Chemistry Trivia Night
Thursday, March 23 @ 6:45 pm
Where: St. Ambrose University, Rogalski Center Ballroom
Schedule: Check in at 6:45 pm
Trivia to begin at 7:00 pm
Food: Please bring your own snacks and drinks (no alcohol) to enjoy during the evening
Teams: Number of members per teams, divisions (i.e. student versus professionals or mixed), and team makeup will be decided based on RSVP numbers
RSVP: to Kelly Giddens (email@example.com) by Tuesday, March 21.
Enjoy sampling a variety of wines and an educational session. Light hors d'oeuvres will be served.
Location: The Grape Life
3402 Elmore Avenue
Davenport, IA 52807
Date/Time: Monday, December 12th
**Participants must be 21 or older to sample the wine.
Members of our local section of the ACS will be sharing recent projects they've been working on.
Time: 6:30-8:00 pm
Location: Augustana College, Room 102 in Hanson Hall of Science
Light snacks will be provided.
No registration fee.
Date: Saturday, October 8th
Location: Rogalski Center Ballroom
St. Ambrose University, 518 W. Locust St., Davenport, IA
Campus Map: http://www.sau.edu/About_
9:30am-10:30am – Registration, Continental Breakfast, and Poster Setup
10:30am-noon – Research Talks (15 min/talk with 5 min for questions)
noon-1:00pm – Buffet Lunch
1:00pm-2:00pm – Poster Presentations
2:00pm-3:00pm – Keynote address by Audra Goach Sostarecz, Ph.D. entitled "Achieving Tenure and Beyond: The Life of a College Professor at a Liberal Arts College" and Recognition of Students
To register please complete the registration form found at the following link: https://goo.gl/forms/glg
Tour: Guardian Glass
Brief Background: Plant was built and opened in 1996. Guardian has plants like this around the world – 6 in the US. They are privately held – our largest stock holder is Koch Industries. They are a producer of flat glass (float process), and also temper, mirror, and vacuum sputter coat glass. They will be doing a major rebuilding of our glass melting furnace next year.
Time/Date: Tour begins at 5:30 pm on Thursday, May 19th. Tour will last about 1 to 1 1/2 hours with lots of walking.
Location: Guardian Industries Coorporation, 300 S 5th Ave E, DeWitt, Iowa. When you arrive – park in employee parking lot – at entrance gate tell the guard you are here for the tour and then we will gather in a conference room before starting the tour.
Presentation: Acquisition of a 400 MHz NMR Spectrometer for Undergraduate Research in Inorganic Chemistry and Curricular Reform at Knox College presented by Dr. Helen Hoyt
Description: To support our research at a primarily undergraduate institution, writing successful grants to the NSF for major research instrumentation can often require multiple submissions, along with a comprehensive assessment of its use in the curriculum. At Knox, our recent acquisition of a 400 MHz spectrometer provides opportunities for external users and collaborators, and we’ve now been able to design new experiments and courses in our curriculum to expand the use of NMR in our undergraduate teaching laboratories. This new instrument has enabled my research program focusing on a green chemical approach to catalysis using iron complexes, specifically to investigate their synthesis, electronic structure, and catalytic hydrosilylation activity. Given that many commercial organosilicon (Si-C) products are derived from the anti Markovnikov addition of a tertiary silane (Si-H) to a terminal alkene (C=C), catalysts that demonstrate high terminal selectivity are an important industrial concern. Bidentate and tridentate α-diimine ligands are attractive scaffolds to support iron catalysts due to their ability to act as redox-active ligands stabilizing higher oxidation states of the coordinated iron center and preventing the formation of radical-initiated byproducts.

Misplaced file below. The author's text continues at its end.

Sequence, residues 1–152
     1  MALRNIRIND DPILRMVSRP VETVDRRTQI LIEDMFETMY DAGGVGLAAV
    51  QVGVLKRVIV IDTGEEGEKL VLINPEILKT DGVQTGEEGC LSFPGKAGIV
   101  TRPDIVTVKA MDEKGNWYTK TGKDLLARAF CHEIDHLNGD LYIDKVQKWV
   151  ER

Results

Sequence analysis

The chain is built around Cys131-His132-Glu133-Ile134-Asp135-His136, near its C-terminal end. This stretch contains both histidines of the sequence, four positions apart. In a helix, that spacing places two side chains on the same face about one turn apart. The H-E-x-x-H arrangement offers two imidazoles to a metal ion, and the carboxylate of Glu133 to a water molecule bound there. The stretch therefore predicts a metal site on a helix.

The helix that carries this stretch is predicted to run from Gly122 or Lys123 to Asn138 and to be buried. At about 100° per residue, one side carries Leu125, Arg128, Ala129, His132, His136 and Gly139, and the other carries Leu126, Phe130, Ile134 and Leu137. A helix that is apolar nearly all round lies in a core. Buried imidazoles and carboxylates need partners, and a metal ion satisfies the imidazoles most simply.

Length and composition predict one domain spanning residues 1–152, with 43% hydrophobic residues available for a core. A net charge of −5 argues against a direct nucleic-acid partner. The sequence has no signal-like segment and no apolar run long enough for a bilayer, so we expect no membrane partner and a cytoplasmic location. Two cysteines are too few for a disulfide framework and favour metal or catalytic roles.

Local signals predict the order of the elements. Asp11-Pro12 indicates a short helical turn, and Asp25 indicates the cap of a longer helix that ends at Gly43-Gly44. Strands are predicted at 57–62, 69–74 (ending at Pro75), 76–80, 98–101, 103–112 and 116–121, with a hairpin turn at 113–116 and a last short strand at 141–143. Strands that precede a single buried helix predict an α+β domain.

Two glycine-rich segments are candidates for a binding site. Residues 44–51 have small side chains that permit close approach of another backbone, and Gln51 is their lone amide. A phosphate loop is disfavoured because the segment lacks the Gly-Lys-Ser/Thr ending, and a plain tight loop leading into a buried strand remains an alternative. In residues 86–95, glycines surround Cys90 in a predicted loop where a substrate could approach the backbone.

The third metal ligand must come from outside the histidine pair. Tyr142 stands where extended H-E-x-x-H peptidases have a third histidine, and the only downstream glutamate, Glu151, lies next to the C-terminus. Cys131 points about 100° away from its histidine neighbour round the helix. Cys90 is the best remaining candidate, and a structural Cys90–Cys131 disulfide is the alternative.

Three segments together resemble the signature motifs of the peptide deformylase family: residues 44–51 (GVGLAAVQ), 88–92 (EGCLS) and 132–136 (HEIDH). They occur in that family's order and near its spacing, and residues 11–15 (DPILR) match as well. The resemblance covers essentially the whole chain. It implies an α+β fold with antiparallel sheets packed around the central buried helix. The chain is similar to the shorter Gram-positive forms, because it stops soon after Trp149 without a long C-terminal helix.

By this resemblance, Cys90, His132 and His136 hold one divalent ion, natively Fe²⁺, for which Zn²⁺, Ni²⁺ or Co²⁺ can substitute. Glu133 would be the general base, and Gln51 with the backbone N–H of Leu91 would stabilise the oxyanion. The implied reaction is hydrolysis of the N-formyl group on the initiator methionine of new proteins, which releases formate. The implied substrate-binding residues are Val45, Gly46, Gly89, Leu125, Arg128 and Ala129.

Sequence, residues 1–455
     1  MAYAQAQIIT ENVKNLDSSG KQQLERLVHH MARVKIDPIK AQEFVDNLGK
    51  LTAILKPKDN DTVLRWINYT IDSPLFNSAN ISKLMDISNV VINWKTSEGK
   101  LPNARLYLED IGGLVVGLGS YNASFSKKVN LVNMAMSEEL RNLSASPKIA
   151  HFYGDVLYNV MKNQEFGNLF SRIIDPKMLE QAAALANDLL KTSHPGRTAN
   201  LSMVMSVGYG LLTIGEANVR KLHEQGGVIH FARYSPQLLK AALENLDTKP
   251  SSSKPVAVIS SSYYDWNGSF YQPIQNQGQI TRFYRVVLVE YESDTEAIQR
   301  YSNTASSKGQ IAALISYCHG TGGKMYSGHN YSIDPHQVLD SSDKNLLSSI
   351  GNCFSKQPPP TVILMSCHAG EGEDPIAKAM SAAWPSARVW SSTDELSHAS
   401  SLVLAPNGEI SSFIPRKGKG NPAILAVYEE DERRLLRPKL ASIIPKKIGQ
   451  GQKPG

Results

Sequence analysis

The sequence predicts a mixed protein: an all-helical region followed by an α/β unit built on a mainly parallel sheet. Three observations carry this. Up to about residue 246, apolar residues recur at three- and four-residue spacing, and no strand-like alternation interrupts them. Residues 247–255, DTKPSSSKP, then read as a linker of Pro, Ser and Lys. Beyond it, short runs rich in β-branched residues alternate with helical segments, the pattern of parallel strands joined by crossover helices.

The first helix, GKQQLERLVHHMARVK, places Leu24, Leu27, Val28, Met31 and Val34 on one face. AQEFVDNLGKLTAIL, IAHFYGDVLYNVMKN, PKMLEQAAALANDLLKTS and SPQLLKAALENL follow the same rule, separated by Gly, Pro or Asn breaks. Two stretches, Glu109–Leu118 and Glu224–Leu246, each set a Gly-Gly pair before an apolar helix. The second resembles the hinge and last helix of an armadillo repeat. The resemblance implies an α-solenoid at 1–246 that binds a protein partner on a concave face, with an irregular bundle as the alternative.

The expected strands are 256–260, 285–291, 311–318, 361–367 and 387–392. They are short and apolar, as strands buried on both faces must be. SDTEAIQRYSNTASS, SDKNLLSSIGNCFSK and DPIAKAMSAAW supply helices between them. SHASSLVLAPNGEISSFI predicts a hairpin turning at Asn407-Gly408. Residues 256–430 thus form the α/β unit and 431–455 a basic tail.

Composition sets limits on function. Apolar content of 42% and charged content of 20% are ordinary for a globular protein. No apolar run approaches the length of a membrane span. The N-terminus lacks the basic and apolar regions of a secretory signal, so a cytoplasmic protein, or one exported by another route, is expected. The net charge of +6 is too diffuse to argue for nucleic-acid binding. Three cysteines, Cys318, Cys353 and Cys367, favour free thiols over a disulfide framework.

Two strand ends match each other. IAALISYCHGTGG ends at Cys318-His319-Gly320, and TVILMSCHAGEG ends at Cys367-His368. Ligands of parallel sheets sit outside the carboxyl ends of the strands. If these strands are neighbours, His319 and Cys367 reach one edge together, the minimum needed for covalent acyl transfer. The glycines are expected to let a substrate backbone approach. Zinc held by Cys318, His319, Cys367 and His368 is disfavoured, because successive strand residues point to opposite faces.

Date: Tuesday, April 19th
Location: Monmouth College; Mellinger Commons in the Center for Science and Business (corner of 6th and Broadway); signs will be posted at the building
Presentation: Professor Emeritus, Dr. Robert P. Bates presenting “The Chemistry and Alchemy of Brewing”
Description: Beer making, one of the oldest examples of biotechnology, is a fascinating study of chemistry, biochemistry, and engineering. It combines well recognized and controllable reactions and operations with complex, poorly understood phenomena, including the psychosensory response. Surprisingly, some of the most sophisticated science and technology are employed in the efficient production of mass advertised, mediocre beers. In contrast, traditional “alchemy-driven” methods can produce exceptional yet under-recognized beers. Fortunately, there is an achievable balance between these extremes. This presentation will cover the brewing process from raw material selection and preparation through fermentation to consumption. Emphasis will be on major pathways employed by brewers to produce a wide range of beers. These are exciting times for brewers and beer connoisseurs in the U.S. Future industry developments of relevance to consumers will be mentioned. With dedication and practice, the average chemist can brew above-average beers; so can the experienced kitchen alchemist.
Date: Thursday, March 17 , 2016
Location: Clarke University